Changes in global mean sea surface temperature may have potential negative implications for natural and socioeconomic systems; however, measurements to predict trends in different regions have been limited and sometimes contradictory. In this study, an assessment of sea surface temperature change signals in the seas off Mexico is presented and compared to other regions and the world ocean, and to selected basin scale climatic indices of the North Pacific, the Atlantic and the tropical Pacific variability. We identified eight regions with different exposure to climate variability: In the Pacific, the west coast of the Baja California peninsula with mostly no trend, the Gulf of California with a modest cooling trend during the last 20 to 25 years, the oceanic area with the most intense recent cooling trend, the southern part showing an intense warming trend, and a band of no trend setting the boundary between North-Pacific and tropical-Pacific variability patterns; in the Atlantic, the northeast Gulf of Mexico shows cooling, while the western Gulf of Mexico and the Caribbean have been warming for more than three decades. Potential interactions with fisheries and coastal sensitive ecosystems are discussed
Spatial patterns and trends in abundance of larval saneels in the North Sea: 1950 - 2005
Lynam, C.P. ; Halliday, N.C. ; Hoffle, H. ; Wright, P.J. ; Damme, C.J.G. van; Pitois, S.G. - \ 2013
ICES Journal of Marine Science 70 (2013)3. - ISSN 1054-3139 - p. 540 - 553.
continuous plankton recorder - ammodytes-marinus - lesser sandeel - multimodel approach - european shelf - trophic levels - zooplankton - atlantic - fish - oscillation
Early recruitment indices based on larval fish data from the Continuous Plankton Recorder (CPR) have the potential to inform stock assessments of Ammodytes marinus in the North Sea. We evaluate whether the CPR data are reliable for sandeel larvae. Spatially, CPR larval data were comparable with catches by dedicated larval samplers (Gulf and bongo nets) during ICES coordinated surveys in 2004 and 2009. ICES data are also used to explore environmental influences on sandeel distributions. Temporally, CPR data correlate with larval data from plankton surveys off Stonehaven (1999–2005), with sandeel 0-group trawl data at the east Fair Isle ground (since 1984), and with recruitment data (since 1983) for the Dogger Banks stock assessment area. Therefore, CPR data may provide an early recruit index of relative abundance for the Dogger Banks assessment area, where the majority of the commercial catch of A. marinus is taken, and the Wee Bankie area that is particularly important for seabird foraging. While warm conditions may stimulate the production of sandeel larvae, their natural mortality is typically greater, in the Dogger Banks and Wadden Sea areas, when the larvae are hatched in warm years and/or with abundant 1-year-old sandeel that are likely to be cannibalistic.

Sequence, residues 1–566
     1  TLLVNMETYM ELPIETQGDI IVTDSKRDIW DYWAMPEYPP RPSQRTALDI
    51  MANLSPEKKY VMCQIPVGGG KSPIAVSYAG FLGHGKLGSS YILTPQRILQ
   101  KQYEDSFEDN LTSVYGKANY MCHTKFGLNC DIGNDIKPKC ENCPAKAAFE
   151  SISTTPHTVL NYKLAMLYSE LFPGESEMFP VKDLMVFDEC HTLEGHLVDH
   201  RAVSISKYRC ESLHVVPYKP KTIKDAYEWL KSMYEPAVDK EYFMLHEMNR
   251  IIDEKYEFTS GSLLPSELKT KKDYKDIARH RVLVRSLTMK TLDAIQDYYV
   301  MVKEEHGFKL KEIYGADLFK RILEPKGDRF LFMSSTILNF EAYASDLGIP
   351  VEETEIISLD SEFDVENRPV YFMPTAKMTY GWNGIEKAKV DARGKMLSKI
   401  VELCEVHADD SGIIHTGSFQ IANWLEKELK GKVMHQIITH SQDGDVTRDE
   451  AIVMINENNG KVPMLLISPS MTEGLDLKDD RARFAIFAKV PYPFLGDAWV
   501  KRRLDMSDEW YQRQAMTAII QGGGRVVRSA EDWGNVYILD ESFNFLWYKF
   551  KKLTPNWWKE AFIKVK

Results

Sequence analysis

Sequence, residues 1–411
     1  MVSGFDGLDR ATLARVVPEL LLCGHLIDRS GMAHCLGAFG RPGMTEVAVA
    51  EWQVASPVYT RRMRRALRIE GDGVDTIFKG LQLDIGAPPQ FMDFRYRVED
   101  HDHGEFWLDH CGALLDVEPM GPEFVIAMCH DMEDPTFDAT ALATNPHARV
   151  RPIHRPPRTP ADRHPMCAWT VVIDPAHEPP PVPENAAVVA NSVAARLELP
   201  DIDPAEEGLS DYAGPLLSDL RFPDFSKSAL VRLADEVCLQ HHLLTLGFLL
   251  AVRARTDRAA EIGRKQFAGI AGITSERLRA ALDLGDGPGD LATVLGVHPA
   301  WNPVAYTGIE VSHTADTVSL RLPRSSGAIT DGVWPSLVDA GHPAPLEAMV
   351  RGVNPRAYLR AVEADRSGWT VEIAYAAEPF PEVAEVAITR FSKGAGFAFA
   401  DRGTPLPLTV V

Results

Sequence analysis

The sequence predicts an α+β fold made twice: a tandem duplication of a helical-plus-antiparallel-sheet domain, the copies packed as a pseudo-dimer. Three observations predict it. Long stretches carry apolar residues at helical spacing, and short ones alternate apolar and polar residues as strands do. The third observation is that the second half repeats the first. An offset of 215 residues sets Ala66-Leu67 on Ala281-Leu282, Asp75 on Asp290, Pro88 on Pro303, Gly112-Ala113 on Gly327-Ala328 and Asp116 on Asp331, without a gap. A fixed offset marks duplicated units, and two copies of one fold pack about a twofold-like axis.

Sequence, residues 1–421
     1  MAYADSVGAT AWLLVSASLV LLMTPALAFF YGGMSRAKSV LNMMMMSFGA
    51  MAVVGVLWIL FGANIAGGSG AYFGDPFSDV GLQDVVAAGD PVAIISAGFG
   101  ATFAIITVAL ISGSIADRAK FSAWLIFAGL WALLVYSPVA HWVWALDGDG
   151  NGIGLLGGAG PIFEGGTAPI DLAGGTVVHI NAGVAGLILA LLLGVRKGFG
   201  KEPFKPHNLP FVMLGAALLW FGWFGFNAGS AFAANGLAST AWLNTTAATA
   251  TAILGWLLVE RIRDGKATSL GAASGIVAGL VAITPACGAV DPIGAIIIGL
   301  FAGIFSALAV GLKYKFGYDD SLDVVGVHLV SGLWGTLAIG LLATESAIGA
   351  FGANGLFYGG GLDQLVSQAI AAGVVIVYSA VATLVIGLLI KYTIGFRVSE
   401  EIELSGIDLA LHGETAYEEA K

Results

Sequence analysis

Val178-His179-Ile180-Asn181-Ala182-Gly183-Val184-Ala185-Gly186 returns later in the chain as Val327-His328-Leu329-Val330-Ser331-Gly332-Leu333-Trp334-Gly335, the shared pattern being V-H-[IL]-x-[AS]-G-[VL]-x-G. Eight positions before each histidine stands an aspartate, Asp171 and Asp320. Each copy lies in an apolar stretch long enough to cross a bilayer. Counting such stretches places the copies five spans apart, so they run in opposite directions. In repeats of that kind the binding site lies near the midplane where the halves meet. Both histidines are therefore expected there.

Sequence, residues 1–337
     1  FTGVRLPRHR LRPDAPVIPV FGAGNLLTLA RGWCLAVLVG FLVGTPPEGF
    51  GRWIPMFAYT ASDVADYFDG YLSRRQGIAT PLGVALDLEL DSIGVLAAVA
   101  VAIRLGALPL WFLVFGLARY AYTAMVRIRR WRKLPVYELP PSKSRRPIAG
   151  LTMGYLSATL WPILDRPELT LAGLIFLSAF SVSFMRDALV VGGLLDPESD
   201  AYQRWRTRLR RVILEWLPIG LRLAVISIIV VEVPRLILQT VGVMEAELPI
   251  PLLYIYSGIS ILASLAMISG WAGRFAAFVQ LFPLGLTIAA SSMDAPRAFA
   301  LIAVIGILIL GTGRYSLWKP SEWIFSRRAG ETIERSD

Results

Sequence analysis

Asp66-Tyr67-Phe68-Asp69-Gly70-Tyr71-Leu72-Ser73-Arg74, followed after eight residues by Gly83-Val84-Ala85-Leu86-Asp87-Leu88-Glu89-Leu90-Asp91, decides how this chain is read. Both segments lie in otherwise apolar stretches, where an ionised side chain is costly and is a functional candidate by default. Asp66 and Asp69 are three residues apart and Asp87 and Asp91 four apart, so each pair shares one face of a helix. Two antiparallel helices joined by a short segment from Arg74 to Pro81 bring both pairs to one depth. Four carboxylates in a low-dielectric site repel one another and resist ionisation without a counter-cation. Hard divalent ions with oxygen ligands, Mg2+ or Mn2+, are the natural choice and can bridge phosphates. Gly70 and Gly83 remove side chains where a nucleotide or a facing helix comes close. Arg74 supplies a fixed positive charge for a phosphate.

Onderzoek naar de affecten van de aanleg van damwanden en grondverdichting op tandwalvissen in het Dolfinarium Harderwijk
Haan, D. de - \ 2013
IJmuiden : IMARES (Report / IMARES Wageningen UR C020/13) - 62
dammen - uitrusting - zeezoogdieren - dierentuindieren - simulatie - diergedrag - dierenwelzijn - geluiden - veluwe - walvissen - oscillatie - dams - equipment - marine mammals - zoo animals - simulation - animal behaviour - animal welfare - sounds - veluwe - whales - oscillation
Voor het vaststellen van de effecten van de aanleg van damwandinstallaties en grondverdichting als onderdelen van het grootschalig bouwplan Waterfront Harderwijk van de gemeente Harderwijk werden op vijf verschillende locaties van het bouwplan installaties gesimuleerd en de geluidseffecten daarvan in vier verschillende bassins op het terrein van het dolfinarium simultaan gemeten. Het onderzoek naar de effecten van het trilgeluid was beperkt tot de bassins waar bruinvissen en tuimelaars werden gehouden. Omdat er tijdens de proeven sterke reacties van haaien en roggen in het roggenbasin werden waargenomen, zijn in dit rapport enkele mitigerende maatregelen voor deze diersoorten opgenomen.